DB2 9.7 for Linux, UNIX, and Windows Database Administration (Exam 541) DB2 9.7 for Linux, UNIX, and Windows Database Administration (Exam 541)
Get ready to take the DB2 9.7 certification exam with this handy study guide.
List Price $21.95

Now On Sale

DB2 9 for Linux, UNIX, and Windows Advanced Database Administration (Exam 734) DB2 9 for Linux, UNIX, and Windows Advanced Database Administration (Exam 734)
Review all exam topics and take the included practice test to be sure you're ready on testing day.
List Price $64.95

Now On Sale

DB2 9 for Linux, UNIX, and Windows Database Administration Upgrade (Exam 736) DB2 9 for Linux, UNIX, and Windows Database Administration Upgrade (Exam 736)
Prep for success with the master of DB2 certification study guides!
List Price $34.95

Now On Sale

Data Fabric: An Intelligent Data Architecture for AI Data Fabric: An Intelligent Data Architecture for AI
This book explains the concepts and values that a data fabric approach can deliver to both technical and business communities.
List Price $19.95

Now On Sale



Support MC Press Online

$0.00 Raised:

Book Reviews

Resource Center

  • SB Profound WC 5536 Have you been wondering about Node.js? Our free Node.js Webinar Series takes you from total beginner to creating a fully-functional IBM i Node.js business application. You can find Part 1 here. In Part 2 of our free Node.js Webinar Series, Brian May teaches you the different tooling options available for writing code, debugging, and using Git for version control. Brian will briefly discuss the different tools available, and demonstrate his preferred setup for Node development on IBM i or any platform. Attend this webinar to learn:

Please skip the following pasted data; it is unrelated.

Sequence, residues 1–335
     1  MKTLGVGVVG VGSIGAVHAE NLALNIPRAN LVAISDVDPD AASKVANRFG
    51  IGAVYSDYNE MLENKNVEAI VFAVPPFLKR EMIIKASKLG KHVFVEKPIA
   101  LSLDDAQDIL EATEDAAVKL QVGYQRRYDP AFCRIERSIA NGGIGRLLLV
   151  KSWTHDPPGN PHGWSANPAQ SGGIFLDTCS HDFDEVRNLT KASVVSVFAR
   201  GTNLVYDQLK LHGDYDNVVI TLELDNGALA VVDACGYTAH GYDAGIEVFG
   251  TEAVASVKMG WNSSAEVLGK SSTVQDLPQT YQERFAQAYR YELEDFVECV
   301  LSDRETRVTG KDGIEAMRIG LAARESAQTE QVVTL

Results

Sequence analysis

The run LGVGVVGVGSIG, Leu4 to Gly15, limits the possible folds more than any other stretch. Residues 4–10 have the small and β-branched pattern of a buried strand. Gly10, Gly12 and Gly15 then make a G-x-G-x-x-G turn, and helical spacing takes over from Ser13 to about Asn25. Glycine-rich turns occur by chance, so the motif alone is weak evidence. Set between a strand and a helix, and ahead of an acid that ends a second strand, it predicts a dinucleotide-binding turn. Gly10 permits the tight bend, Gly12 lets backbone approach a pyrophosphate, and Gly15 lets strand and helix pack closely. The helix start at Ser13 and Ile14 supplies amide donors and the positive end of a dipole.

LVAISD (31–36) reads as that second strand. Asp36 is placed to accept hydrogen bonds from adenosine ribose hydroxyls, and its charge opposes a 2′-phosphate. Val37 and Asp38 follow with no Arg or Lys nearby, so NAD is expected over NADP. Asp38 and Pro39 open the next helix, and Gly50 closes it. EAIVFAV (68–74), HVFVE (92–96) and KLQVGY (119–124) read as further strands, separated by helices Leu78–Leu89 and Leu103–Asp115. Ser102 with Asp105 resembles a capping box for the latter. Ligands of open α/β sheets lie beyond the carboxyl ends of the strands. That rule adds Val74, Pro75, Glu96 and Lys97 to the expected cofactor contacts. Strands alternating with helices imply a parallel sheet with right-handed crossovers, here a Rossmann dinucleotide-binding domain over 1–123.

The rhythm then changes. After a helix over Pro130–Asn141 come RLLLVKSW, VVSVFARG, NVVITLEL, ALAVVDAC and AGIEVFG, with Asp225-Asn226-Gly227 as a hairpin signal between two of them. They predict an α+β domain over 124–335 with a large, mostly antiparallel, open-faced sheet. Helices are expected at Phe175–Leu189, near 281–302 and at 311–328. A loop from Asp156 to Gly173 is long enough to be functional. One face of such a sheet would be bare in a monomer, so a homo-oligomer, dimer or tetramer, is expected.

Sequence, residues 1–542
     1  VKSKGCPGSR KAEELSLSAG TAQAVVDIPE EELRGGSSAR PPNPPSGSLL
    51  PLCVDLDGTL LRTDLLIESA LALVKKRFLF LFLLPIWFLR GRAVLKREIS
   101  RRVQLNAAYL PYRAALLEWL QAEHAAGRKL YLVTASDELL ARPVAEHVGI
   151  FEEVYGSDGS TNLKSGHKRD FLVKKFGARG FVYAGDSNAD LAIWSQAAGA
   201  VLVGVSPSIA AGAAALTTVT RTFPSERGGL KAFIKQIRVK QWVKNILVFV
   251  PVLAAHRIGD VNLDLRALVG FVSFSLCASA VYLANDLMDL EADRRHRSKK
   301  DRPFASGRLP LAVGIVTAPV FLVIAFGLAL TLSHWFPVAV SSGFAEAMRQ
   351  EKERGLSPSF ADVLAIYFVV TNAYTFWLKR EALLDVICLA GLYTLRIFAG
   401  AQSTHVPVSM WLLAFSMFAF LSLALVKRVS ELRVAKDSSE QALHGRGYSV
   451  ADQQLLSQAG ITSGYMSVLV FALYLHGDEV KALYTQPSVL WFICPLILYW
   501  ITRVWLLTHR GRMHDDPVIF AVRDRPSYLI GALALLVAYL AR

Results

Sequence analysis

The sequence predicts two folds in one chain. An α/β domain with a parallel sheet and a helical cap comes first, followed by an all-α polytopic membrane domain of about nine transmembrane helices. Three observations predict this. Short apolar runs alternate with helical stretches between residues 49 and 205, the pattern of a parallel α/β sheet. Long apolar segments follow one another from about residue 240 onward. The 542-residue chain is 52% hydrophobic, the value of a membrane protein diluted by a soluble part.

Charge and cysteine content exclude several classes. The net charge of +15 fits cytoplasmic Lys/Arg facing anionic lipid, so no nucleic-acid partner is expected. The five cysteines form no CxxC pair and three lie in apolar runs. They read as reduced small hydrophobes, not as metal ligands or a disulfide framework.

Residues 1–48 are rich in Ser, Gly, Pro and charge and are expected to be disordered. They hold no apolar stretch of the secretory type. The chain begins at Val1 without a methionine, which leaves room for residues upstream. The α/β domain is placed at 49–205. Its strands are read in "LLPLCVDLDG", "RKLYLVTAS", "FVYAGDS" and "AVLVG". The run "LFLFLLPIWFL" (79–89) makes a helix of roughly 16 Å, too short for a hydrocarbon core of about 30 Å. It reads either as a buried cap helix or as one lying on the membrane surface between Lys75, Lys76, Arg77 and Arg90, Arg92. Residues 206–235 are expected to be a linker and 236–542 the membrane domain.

• SB Profound WP 5539More than ever, there is a demand for IT to deliver innovation. Your IBM i has been an essential part of your business operations for years. However, your organization may struggle to maintain the current system and implement new projects. The thousands of customers we've worked with and surveyed state that expectations regarding the digital footprint and vision of the company are not aligned with the current IT environment.

  • SB HelpSystems ROBOT Generic IBM announced the E1080 servers using the latest Power10 processor in September 2021. The most powerful processor from IBM to date, Power10 is designed to handle the demands of doing business in today’s high-tech atmosphere, including running cloud applications, supporting big data, and managing AI workloads. But what does Power10 mean for your data center? In this recorded webinar, IBMers Dan Sundt and Dylan Boday join IBM Power Champion Tom Huntington for a discussion on why Power10 technology is the right strategic investment if you run IBM i, AIX, or Linux. In this action-packed hour, Tom will share trends from the IBM i and AIX user communities while Dan and Dylan dive into the tech specs for key hardware, including:

  • Magic MarkTRY the one package that solves all your document design and printing challenges on all your platforms. Produce bar code labels, electronic forms, ad hoc reports, and RFID tags – without programming! MarkMagic is the only document design and print solution that combines report writing, WYSIWYG label and forms design, and conditional printing in one integrated product. Make sure your data survives when catastrophe hits. Request your trial now!  Request Now.

  • SB HelpSystems ROBOT GenericForms of ransomware has been around for over 30 years, and with more and more organizations suffering attacks each year, it continues to endure. What has made ransomware such a durable threat and what is the best way to combat it? In order to prevent ransomware, organizations must first understand how it works.

  • SB HelpSystems ROBOT GenericIT security is a top priority for businesses around the world, but most IBM i pros don’t know where to begin—and most cybersecurity experts don’t know IBM i. In this session, Robin Tatam explores the business impact of lax IBM i security, the top vulnerabilities putting IBM i at risk, and the steps you can take to protect your organization. If you’re looking to avoid unexpected downtime or corrupted data, you don’t want to miss this session.